All about Hummingbirds
Last updated on Wednesday, January 01, 2003
A “glittering fragment of the rainbow” is how Aububon described the hummingbird. Part of summer in New Mexico is being dazzled and entertained by the antics of these little feathered bits of airborne jewelry.
Allen's Hummingbird Photo by Dan True.
Hummingbirds have the best of both worlds, spending the winter in Mexico and Central America and heading north for our glorious summer weather.
There are more than 300 species of hummingbirds worldwide. We have 14 species in New Mexico; the most common are the Rufous, Calliope and Broad-tailed. The Magnificent and the Blue-throated are more rare, but can also be seen.
You want to be ready when the first hummingbirds arrive. The mature males show up about a week ahead of the females and younger birds.
The males are on a scouting mission, staking out the best nesting territory they can find in order to impress a female with their ability as providers. It’s important to have feeders ready to catch the attention of this vanguard. There is evidence that hummingbirds return to the same feeder locations each year, but if they don’t find food, they will move on.
You can fill one feeder and put out several empty ones at the beginning of the season. This way you’re hanging out a sign that says, “Eat here.”
If you’re feeding hummingbirds for the first time this year, invest in a feeder with lots of gaudy red plastic. I never really believed the theory that hummingbirds are attracted to the color red - I put it in the same category as the red cape-bull connection. But I changed my mind the day my husband went into the garden wearing a pair of red plastic sunglasses and was nearly drilled between the eyes by a curious hummingbird. It’s true - hummingbirds do like red.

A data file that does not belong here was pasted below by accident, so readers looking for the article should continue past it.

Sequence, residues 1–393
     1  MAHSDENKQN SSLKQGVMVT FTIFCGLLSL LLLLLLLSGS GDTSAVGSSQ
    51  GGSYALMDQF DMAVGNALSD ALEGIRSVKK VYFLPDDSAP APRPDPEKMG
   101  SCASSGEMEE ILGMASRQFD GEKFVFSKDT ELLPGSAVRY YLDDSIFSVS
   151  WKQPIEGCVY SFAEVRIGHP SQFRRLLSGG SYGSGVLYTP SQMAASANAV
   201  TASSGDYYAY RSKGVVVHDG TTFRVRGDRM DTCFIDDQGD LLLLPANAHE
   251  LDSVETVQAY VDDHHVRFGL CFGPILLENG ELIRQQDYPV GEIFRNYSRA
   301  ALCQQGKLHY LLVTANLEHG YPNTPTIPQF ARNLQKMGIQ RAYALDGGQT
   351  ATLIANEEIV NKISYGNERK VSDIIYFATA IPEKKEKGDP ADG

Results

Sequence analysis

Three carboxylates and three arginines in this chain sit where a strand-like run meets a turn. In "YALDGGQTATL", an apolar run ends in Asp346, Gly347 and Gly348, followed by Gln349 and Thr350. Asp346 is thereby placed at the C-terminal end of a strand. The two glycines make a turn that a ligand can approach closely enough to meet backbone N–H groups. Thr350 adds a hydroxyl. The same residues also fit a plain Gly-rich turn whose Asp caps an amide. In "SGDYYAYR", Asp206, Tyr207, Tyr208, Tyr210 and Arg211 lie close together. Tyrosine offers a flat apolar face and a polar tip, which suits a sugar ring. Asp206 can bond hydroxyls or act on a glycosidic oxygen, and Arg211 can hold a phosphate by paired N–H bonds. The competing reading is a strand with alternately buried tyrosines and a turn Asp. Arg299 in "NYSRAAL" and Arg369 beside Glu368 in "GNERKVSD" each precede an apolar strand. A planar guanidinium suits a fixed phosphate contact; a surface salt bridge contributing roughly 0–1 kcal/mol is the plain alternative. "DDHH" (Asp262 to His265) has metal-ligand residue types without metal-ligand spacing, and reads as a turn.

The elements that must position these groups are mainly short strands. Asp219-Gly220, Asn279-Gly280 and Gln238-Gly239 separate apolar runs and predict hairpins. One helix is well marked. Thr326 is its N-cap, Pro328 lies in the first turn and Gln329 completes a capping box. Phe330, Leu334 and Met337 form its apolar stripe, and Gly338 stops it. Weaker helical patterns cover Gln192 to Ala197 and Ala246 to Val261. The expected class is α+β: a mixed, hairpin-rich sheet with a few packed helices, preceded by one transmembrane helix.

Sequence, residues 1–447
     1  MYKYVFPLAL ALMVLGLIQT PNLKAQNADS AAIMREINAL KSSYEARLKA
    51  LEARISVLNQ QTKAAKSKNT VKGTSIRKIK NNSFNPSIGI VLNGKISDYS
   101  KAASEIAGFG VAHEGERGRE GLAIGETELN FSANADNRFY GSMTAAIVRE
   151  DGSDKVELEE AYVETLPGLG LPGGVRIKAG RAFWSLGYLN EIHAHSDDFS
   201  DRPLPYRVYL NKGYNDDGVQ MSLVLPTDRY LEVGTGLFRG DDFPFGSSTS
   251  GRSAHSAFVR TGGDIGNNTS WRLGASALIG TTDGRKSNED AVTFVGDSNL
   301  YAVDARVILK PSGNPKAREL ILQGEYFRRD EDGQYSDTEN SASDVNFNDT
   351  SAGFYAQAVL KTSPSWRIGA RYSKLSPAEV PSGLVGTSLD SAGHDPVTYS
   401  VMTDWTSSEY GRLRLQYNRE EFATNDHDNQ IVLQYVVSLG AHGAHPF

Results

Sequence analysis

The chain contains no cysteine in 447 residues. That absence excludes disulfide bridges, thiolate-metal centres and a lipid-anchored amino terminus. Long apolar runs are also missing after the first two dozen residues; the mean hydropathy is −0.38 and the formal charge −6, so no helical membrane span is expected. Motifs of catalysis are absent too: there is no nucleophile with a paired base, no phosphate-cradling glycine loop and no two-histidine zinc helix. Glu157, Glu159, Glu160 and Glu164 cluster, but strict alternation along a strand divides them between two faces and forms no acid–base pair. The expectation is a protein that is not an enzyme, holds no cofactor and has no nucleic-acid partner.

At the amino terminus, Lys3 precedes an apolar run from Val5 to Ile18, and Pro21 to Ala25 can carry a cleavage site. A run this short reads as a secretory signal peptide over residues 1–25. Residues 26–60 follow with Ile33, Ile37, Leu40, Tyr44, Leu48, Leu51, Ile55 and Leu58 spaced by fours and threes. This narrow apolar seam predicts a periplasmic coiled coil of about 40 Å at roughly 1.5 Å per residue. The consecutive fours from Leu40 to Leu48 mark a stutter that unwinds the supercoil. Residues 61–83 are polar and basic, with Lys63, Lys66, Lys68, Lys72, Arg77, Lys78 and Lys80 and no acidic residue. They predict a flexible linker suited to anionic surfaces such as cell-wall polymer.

If you succeed in convincing a male that your backyard is perfect habitat, you may be lucky enough to host a breeding pair. To impress the female, the male puts on quite an aerial circus act, flying in an exaggerated U-shaped pattern and showing off his spectacular plumage. After mating, the male moves on, leaving the work of building the nest and raising the young to the female.
The nest is about the size of an English walnut shell, made of pieces of dried grass and other plant material, lined with down and all held together with spider webbing. The nests are almost impossible to spot, because of their size and also the camouflage that the female applies to it, using bits of lichen and even chips of flaking paint to make it blend with the surroundings.
The female lays two pinto bean-sized eggs that hatch after two weeks’ incubation. She spends the next three frenzied weeks feeding both herself and the hatchlings. As the young birds grow, the nest stretches, rather like a drawstring purse, with the opening kept small to conserve heat.
The young birds make short, experimental flights. I’ve watched juvenile hummingbirds make the rounds of hanging baskets of petunias on the deck of a restaurant. The little birds hung onto the blossoms, resting while they sipped.